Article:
Venezuela and Colombia have a unique and extended history of immigration that has been tested over time. During the past two decades Venezuela was the richest and most egalitarian country in the region attracting immigrants from all around Latin America. Colombians were attracted to the country in search of economic opportunity as well as safety from the extended war between the Colombian government and the FARC. Until recently, the FARC had been a rural based, armed rebel group seeking political representation in Colombia. The border between Venezuela and Colombia has not seen immigration flow in just one direction. Many affluent Venezuelans left for Colombia to escape from the socialist and authoritarian leader Hugo Chavez during his rule from 1999 through 2013; another wave of Venezuelan immigrants started arriving in Colombia in 2015. These immigrants come from every class of Venezuelan society, and they are all abandoning their lives in Venezuela to escape its imploding economy.
The Venezuelan economy has been moving towards crisis since 2014 with the beginning of a decline in oil prices. Government mismanagement, economic reliance on oil exports, runaway hyperinflation, as well as food and medicine shortages have left Venezuelans in a difficult predicament. Many people have been left with no other choice but to leave their homes behind (Otis).
This immigration crisis has largely gone unnoticed by international organizations and news agencies. The size of the migration into Colombia is comparable to the Rohingyas in Bangladesh or the Syrians in Germany, but the amount of media attention for these crises differ significantly. There are three different types of Venezuelan immigrants that all present different problems to the Colombian government. It is estimated that over 650,000 Venezuelans have passed through Colombia on their way to settle in other countries (Cobb). Over one million Venezuelans have applied for a special migration card created by Colombia to address the current crisis. These cards allow migrants to cross the border legally for a short period of time to obtain food and medicine or even work in Colombia. On an average day in 2017, 30,000 Venezuelans would use these migration cards to cross the border (BBC). The immigrants presenting the largest concern for the Colombian government are those that are trying to permanently settle in Colombia. Over 550,000 Venezuelan immigrants are currently living in Colombia while only 200,000 have permission to stay (BBC). Many of the poorest migrants, unable to afford to travel deeper into Colombia, have settled in now crowded border towns such as Cucuta. The UN Secretary General has promised continued support for Colombia, but any country would struggle to take on the amount of migrants in question.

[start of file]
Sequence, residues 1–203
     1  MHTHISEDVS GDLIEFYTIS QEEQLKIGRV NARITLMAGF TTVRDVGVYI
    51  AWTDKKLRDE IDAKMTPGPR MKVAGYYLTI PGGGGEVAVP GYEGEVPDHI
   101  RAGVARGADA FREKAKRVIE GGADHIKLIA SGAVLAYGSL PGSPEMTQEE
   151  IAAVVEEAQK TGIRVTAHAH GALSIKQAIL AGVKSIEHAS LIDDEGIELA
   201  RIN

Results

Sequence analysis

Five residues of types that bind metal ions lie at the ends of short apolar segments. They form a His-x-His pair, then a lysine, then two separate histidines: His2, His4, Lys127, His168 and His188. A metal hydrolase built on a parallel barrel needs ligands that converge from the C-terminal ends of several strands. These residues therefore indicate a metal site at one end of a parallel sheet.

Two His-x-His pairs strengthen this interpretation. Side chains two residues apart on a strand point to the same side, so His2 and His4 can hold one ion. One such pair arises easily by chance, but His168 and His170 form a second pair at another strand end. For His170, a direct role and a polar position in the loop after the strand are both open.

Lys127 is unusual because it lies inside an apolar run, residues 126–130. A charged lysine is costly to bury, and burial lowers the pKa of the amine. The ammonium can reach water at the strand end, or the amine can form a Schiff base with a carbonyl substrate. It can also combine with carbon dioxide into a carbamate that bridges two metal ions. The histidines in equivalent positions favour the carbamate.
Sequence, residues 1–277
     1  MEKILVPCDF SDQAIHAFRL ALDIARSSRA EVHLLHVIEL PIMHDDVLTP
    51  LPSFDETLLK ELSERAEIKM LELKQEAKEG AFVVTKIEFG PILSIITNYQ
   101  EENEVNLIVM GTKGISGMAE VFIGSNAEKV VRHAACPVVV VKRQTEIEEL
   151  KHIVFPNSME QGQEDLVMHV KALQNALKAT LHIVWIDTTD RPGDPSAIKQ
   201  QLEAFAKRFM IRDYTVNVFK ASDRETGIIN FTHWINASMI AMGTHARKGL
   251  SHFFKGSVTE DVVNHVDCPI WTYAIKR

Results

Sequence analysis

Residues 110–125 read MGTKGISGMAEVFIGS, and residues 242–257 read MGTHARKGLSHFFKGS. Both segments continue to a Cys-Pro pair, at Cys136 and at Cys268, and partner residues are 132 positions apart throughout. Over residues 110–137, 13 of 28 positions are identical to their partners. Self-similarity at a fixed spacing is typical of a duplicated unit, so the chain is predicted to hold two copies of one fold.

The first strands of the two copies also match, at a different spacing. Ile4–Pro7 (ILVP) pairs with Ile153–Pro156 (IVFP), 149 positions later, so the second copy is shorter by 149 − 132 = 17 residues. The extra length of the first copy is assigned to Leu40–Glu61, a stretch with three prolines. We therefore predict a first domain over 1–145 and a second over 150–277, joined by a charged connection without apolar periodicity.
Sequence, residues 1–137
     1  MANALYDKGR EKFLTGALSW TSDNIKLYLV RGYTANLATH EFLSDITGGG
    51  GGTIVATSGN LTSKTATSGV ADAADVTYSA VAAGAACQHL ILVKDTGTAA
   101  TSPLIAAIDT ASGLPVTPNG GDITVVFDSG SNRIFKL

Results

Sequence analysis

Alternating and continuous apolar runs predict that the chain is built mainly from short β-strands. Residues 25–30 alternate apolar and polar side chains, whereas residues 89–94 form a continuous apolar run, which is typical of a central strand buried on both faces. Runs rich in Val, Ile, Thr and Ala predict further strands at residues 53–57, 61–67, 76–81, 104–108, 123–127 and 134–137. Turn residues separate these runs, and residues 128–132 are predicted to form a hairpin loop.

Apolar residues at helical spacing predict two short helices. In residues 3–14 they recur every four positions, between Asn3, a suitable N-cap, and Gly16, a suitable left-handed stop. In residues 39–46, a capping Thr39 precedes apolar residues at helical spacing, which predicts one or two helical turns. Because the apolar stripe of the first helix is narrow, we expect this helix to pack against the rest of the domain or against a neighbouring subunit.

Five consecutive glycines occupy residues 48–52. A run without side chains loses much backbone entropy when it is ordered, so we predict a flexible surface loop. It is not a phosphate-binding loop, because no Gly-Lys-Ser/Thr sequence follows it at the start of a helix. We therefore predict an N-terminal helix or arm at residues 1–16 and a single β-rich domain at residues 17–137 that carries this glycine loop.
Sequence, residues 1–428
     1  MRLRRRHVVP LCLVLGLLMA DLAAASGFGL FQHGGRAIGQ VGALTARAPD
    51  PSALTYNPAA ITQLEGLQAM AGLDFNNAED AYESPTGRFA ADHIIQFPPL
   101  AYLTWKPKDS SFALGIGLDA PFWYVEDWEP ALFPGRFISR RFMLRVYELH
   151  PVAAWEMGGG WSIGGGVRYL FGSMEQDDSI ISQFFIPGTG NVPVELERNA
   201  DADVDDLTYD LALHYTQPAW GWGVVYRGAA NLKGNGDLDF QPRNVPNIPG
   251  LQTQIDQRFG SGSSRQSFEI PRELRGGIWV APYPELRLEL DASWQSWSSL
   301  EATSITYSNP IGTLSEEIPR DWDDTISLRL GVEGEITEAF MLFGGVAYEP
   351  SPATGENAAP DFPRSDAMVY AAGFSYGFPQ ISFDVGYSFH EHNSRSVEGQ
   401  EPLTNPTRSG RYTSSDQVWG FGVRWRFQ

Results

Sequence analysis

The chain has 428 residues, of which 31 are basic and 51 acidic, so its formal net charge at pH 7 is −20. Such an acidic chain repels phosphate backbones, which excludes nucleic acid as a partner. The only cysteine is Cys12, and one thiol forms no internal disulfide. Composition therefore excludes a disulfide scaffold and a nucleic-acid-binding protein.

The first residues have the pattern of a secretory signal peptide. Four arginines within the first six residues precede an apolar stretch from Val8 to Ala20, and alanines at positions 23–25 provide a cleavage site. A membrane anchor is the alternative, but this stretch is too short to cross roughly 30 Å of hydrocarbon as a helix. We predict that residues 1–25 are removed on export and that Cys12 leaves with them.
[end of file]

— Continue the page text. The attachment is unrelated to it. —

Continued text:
Juan Manuel Santos, the Colombian president, has largely been welcoming to the Venezuelan people over the past two years. Recently, however, Santos has stepped up anti-immigration measures. Santos, with the backing of his party in Congress, has ceased to issue new daily migration cards and has increased border security (Rosati). Santos faces approval ratings hovering around thirty percent as Colombia moves closer to elections next week on May 27th, 2018. The handling of the immigration crisis promises to be a divisive political issue.
The Colombian economy grew at 1.8% last year. This rate is cause for concern when compared to the roughly 5% growth in GDP only six years prior to 2017 (Gillespie). As the Venezuelan economy continues to collapse, Colombia faces other issues on top of the influx of immigrants. President Santos’s administration has been plagued by recent corruption scandals. The Trump administration has proposed substantial cuts in foreign aid to Colombia in response to the increase in production of coca (the plant used to produce cocaine). Oil is Colombia’s largest export, so the current price level of oil has also had a negative effect on Colombia’s current account. On top of this Standard & Poor recently cut Colombia’s credit rating making it harder for Colombia to finance any deficits. The recent peace agreement with the FARC has been extremely controversial amongst the domestic population (Gillespie). Military and oil industry spending was tightened and taxes were raised to help fund the expensive peace deal. Santos has promised the FARC guaranteed political representation in Congress, land reform, economic aid (in the form of money, food, and medicine), and rural infrastructure projects (Kraul). One estimate puts the cost of the peace deal at 5% of the annual budget for the next ten years (Kraul).
For now it appears that the Colombian government is going to push forward with more restrictive immigration policies as well as the FARC peace deal. The political future of Colombia is unpredictable as they move towards elections that will likely decide how the government handles these two major issues after May. Despite everything the Colombian economy has still managed continued growth. Although Colombia's economy is not currently experiencing a crisis, the problems presented by the immigration crisis should not be underestimated by any regional or international actor.